A Quick Guide: When and Why You Should Consider Getting Travel Insurance
February 19, 2019
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There's nothing like the excitement of planning a big trip. In fact, researchers say that the anticipation alone can be a major happiness boost. One thing that could rein in your glee, however, is the price tag. A 12-night international trip will likely set you back around $3,251, according to financial research company ValuePenguin.
That's a lot of money, and it doesn't account for travel mishaps. What if you get sick while abroad? Or lose your bags overseas? These minor hiccups could end up costing you thousands, but the right travel insurance policy can help.
What Travel Insurance Covers
Trip cancellation is one of the most basic offerings, protecting travelers who have to cancel their plans due to accident, illness or death of a loved one. Some policies will refund you 100% of your travel costs; others may cover only a portion.
Medical travel insurance is more specialized, designed to reduce your out-of-pocket costs should a medical emergency strike during your trip. Whether it's for a stomach virus or a broken ankle, emergency transport and medical treatment can add up quickly — even if you have active health insurance back home.
Other types of travel insurance zero in on property damage and lost items. If your luggage goes missing in transit, the right policy will reimburse you for the cost of new clothes, toiletries and other things you need to replace. The same goes for valuables that are stolen during your trip.
What Travel Insurance Doesn’t Cover
Like with any insurance policy, read every line. Some plans, for example, won't cover injuries sustained during an especially risky activity, like skydiving. If you're about to set off on a rugged, outdoorsy adventure, it's probably best to shop carefully for medical insurance. You may also want to ask about pre-existing conditions. If your asthma flares up while abroad, will a hospitalization be covered? Every plan is different.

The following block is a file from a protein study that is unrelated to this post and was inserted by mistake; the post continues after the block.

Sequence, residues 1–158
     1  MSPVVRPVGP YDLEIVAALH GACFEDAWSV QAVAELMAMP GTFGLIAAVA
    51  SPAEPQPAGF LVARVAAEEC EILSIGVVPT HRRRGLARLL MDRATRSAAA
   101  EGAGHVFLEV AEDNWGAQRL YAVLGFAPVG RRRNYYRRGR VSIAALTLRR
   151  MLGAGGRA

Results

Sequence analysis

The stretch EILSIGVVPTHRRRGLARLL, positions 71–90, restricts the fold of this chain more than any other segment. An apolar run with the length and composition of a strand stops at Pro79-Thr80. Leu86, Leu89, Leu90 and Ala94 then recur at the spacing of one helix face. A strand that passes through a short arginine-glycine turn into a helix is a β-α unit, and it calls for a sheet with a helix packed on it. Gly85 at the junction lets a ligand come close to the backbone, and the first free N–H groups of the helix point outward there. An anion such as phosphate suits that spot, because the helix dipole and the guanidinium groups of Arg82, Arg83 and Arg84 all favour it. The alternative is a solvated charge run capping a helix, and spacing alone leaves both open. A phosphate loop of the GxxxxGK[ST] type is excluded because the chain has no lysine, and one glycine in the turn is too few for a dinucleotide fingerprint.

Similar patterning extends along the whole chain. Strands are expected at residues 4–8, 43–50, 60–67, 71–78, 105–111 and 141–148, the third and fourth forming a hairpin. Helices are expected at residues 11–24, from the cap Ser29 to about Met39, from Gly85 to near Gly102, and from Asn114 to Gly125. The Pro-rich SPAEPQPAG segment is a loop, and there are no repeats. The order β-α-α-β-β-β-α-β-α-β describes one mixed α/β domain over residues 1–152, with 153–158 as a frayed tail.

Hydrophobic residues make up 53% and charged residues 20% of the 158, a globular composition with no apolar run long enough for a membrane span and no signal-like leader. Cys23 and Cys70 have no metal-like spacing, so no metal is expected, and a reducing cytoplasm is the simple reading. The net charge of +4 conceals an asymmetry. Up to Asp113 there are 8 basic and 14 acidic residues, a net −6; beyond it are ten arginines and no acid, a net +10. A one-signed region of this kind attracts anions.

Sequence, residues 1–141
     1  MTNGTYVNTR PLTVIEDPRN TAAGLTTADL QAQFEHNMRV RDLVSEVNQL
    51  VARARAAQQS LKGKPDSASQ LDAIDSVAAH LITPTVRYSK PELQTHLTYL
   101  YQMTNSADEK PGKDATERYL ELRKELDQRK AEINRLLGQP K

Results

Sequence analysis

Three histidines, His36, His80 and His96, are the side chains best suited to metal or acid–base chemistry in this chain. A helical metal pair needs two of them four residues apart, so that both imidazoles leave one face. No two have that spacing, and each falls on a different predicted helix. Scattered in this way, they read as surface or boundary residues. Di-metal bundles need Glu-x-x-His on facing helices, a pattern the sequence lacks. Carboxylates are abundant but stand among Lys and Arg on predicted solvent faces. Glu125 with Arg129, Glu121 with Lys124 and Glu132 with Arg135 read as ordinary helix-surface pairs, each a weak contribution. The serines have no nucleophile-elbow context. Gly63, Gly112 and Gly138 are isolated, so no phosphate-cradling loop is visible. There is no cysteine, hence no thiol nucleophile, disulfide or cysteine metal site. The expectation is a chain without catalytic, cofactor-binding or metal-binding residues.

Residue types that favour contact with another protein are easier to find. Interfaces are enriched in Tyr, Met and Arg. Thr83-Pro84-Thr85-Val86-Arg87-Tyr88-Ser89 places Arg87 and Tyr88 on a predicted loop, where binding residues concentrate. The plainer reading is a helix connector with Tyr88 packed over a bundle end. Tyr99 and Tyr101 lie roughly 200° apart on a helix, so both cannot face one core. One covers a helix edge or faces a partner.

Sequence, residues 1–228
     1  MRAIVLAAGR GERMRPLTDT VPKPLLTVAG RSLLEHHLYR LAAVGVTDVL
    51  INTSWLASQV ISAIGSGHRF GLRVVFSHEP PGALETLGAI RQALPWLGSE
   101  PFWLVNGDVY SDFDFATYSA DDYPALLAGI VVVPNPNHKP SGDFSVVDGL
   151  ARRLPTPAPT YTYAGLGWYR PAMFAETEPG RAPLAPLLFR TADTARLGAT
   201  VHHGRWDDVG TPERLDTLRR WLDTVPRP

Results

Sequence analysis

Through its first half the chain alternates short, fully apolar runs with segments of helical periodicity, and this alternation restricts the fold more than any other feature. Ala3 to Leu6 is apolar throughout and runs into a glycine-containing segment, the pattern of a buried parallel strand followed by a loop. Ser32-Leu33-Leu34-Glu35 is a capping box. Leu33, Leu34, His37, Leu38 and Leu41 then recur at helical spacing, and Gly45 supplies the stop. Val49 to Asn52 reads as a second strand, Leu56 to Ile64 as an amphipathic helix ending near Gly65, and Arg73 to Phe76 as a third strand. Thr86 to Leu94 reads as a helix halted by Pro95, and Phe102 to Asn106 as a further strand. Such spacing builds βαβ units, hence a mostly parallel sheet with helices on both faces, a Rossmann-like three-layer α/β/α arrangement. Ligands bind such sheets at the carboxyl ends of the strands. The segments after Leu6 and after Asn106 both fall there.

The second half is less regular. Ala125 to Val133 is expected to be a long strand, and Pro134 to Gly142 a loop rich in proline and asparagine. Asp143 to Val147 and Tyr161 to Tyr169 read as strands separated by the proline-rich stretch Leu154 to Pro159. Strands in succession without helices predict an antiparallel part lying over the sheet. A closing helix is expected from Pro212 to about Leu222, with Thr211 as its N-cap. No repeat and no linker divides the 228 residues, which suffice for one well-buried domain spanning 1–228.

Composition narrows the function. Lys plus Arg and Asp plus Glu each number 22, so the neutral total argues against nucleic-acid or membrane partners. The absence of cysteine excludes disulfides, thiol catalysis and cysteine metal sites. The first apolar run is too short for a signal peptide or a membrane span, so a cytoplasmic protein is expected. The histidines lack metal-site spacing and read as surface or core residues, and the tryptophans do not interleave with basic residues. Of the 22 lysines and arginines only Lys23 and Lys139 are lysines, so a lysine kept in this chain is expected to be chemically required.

As far as itinerary changes go, having cancellation insurance doesn't necessarily give travelers the green light to modify their plans on a whim. Some policies only have your back if you're sick, injured or have lost a family member.
World Nomads, a popular travel insurance company, adds that not all plans will cover pre-booked, nonrefundable costs if your trip is interrupted once you're on it. In other words, if you come home early, then head back out again, that second leg of your trip may not be protected.
One other note about lost or stolen items: Some insurance companies won't approve your claim if you were partially at fault (i.e. your laptop is stolen after you leave it on a café table in Paris).
Who Might Consider Travel Insurance
Travel insurance might be overkill for domestic trips, but it's certainly worth considering when a lot of money is changing hands and you want to protect your investment (think hefty cruise deposits or pricey airline tickets). The same applies to travel in particularly risky areas, like the Caribbean during hurricane season.
How Much Travel Insurance Costs
This has everything to do with where you're traveling, the length of your trip, and the type of coverage you choose. InsureMyTrip says most plans cost anywhere from 4% to 10% of your total prepaid, nonrefundable trip cost. Translation: Coverage for a $3,000 trip may cost between $120 and $300.
Where to Buy Travel Insurance
Most airlines and cruise lines offer cancellation protection upon booking. Your homeowners or renters’ insurance policy may also cover items stolen from you while traveling. You can also check your rewards credit cards, as some throw in travel insurance if you use your card to pay for your trip. If it's minimal coverage, you can always add on more with an outside insurance company like World Nomads or InsureMyTrip.